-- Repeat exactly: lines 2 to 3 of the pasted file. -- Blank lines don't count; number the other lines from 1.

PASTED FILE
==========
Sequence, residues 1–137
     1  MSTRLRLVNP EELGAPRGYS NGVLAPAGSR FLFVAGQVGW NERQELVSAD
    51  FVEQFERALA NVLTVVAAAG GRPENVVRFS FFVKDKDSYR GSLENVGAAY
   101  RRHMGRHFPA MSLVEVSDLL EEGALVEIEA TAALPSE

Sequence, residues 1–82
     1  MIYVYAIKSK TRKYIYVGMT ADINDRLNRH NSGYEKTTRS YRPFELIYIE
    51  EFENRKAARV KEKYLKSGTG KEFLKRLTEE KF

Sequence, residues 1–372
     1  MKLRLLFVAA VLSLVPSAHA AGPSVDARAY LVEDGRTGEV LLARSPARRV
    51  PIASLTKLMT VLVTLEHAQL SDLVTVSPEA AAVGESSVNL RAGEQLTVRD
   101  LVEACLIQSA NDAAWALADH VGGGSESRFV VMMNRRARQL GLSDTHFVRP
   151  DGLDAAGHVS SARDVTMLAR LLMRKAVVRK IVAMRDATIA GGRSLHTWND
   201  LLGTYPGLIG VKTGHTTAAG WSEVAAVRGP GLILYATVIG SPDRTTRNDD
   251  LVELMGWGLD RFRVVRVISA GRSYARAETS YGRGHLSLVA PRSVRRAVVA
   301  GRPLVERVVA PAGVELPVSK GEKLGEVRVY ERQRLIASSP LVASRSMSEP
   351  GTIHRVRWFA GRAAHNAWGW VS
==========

     1  MSTRLRLVNP EELGAPRGYS NGVLAPAGSR FLFVAGQVGW NERQELVSAD
    51  FVEQFERALA NVLTVVAAAG GRPENVVRFS FFVKDKDSYR GSLENVGAAY